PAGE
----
Five prisoners sought by the US in a swap with Iran flew out of Tehran on Monday, an official said.
Flight-tracking data analysed by the AP showed a Qatar Airways flight take off at Tehran's Mehrabad International Airport, which has been used for exchanges in the past. Iranian state media soon after said the flight had left Tehran.
The official spoke to The Associated Press on condition of anonymity because the exchange was still in process.
Earlier, officials said that the exchange would take place after nearly $6 billion in once-frozen Iranian assets reached Qatar, a key element of the planned swap.
Despite the deal, tensions are almost certain to remain high between the U.S. and Iran, which are locked in various disputes, including over Tehran's nuclear program. Iran says the program is peaceful, but it now enriches uranium closer than ever to weapons-grade levels.
Iranian Foreign Ministry spokesman Nasser Kanaani was the first to acknowledge the swap would take place Monday. He said the cash sought for the exchange that had been held by South Korea was now in Qatar.
Kanaani made his comments during a news conference aired on state television, but the feed cut immediately after his remarks.
“Fortunately Iran's frozen assets in South Korea were released and God willing today the assets will start to be fully controlled by the government and the nation,” Kanaani said.
“On the subject of the prisoner swap, it will happen today and five prisoners, citizens of the Islamic Republic, will be released from the prisons in the U.S.,” he added. “Five imprisoned citizens who were in Iran will be given to the U.S. side.”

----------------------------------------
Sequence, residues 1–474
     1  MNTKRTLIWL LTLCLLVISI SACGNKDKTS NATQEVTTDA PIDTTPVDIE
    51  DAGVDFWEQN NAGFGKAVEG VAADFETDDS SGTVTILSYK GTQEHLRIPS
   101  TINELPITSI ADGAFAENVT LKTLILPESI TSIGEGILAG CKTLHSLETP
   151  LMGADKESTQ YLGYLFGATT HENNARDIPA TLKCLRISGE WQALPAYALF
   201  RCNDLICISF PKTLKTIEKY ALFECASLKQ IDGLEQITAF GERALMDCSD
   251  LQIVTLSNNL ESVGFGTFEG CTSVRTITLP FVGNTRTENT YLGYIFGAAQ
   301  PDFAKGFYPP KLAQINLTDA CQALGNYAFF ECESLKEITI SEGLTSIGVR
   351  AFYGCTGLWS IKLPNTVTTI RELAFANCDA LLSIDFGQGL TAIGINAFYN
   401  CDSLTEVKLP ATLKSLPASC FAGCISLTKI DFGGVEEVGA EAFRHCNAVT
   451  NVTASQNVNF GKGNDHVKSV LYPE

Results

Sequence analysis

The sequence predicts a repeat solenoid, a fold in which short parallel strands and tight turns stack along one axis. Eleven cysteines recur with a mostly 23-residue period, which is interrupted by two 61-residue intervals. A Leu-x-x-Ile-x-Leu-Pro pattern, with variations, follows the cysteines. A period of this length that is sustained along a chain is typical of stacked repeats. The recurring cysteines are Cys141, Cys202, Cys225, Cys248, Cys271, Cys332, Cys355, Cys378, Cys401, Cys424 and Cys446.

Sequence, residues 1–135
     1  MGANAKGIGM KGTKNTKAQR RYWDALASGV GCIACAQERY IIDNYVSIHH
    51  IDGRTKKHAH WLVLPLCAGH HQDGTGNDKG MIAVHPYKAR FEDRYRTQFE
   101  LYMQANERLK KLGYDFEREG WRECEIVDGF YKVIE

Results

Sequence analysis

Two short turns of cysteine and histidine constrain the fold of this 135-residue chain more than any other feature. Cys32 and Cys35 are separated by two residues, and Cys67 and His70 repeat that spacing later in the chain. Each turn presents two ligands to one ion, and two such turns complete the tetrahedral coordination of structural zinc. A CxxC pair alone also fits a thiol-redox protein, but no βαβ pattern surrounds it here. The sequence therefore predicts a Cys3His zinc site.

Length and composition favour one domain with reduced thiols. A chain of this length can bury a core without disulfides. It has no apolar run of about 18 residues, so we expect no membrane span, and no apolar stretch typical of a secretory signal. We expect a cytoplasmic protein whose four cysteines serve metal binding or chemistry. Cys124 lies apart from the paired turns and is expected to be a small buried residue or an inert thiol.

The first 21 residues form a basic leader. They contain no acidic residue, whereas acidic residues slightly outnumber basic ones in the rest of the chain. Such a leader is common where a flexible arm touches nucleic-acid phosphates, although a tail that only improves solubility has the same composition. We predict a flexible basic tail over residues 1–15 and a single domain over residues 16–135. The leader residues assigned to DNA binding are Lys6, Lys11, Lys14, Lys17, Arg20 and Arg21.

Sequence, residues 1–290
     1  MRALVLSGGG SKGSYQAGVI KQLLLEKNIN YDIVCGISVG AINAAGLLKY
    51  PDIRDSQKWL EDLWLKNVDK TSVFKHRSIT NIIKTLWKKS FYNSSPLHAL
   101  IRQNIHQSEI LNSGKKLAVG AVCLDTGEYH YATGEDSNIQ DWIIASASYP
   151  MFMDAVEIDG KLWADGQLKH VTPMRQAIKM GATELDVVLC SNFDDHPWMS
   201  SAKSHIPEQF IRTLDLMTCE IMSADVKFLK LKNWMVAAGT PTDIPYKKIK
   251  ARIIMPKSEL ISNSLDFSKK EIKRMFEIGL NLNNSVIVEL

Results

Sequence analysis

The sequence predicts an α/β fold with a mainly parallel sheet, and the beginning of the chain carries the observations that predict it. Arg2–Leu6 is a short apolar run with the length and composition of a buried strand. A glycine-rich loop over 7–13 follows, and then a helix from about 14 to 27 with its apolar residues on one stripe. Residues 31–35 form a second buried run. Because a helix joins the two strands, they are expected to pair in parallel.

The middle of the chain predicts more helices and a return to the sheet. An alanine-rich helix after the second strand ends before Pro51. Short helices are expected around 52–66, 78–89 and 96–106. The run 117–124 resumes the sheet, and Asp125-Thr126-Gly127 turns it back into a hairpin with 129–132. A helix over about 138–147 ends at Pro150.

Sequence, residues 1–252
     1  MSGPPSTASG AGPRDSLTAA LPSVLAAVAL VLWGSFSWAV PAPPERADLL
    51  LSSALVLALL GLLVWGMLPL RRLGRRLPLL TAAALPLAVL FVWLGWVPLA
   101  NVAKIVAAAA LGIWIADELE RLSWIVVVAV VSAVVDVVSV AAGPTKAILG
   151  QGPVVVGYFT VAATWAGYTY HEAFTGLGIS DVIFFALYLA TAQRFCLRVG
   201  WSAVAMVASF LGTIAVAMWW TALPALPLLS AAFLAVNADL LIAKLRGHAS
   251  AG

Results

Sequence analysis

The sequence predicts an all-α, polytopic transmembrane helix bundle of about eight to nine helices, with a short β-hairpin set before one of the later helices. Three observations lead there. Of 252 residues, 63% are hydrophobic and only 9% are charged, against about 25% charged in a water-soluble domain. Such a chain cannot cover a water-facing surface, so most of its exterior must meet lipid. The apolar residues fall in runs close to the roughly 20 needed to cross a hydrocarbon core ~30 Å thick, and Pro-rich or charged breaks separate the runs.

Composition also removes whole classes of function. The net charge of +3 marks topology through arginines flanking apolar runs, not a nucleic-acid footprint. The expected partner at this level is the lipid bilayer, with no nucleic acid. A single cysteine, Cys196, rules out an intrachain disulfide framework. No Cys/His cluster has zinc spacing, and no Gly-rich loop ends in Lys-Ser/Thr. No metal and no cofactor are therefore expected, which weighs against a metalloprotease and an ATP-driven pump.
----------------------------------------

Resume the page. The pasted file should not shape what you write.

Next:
He said two of the Iranian prisoners will stay in the U.S.
The official said that both Iranian and U.S. officials had been notified by Qatar that the money had been transferred to the Gulf Arab nation, which serves as a go-between for the U.S. and Iran.
Mohammad Reza Farzin, Iran's Central Bank chief, later came on state television to acknowledge the receipt of over 5.5 billion euros — $5.9 billion — in accounts in Qatar. Months ago, Iran had anticipated getting as much as $7 billion.
Washington did not comment on the announcement. The planned exchange comes ahead of the convening of world leaders at the U.N. General Assembly this week in New York, where Iran's hard-line President Ebrahim Raisi will speak.
A Qatar Airways plane landed Monday morning at Mehrabad International Airport in Tehran, according to flight-tracking data analyzed by the AP. Qatar Airways uses Tehran's Imam Khomeini International Airport for its commercial flights, but previous prisoner releases have taken place at Mehrabad.
The announcement by Kanaani comes weeks after Iran said that five Iranian-Americans had been transferred from prison to house arrest as part of a confidence-building move. Meanwhile, Seoul allowed the frozen assets, held in South Korean won, to be converted into euros.
The planned swap has unfolded amid a major American military buildup in the Persian Gulf, with the possibility of U.S. troops boarding and guarding commercial ships in the Strait of Hormuz, through which 20% of all oil shipments pass.
The deal has also already opened U.S. President Joe Biden to fresh criticism from Republicans and others who say that the administration is helping boost the Iranian economy at a time when Iran poses a growing threat to American troops and Mideast allies. That could have implications in his reelection campaign as well.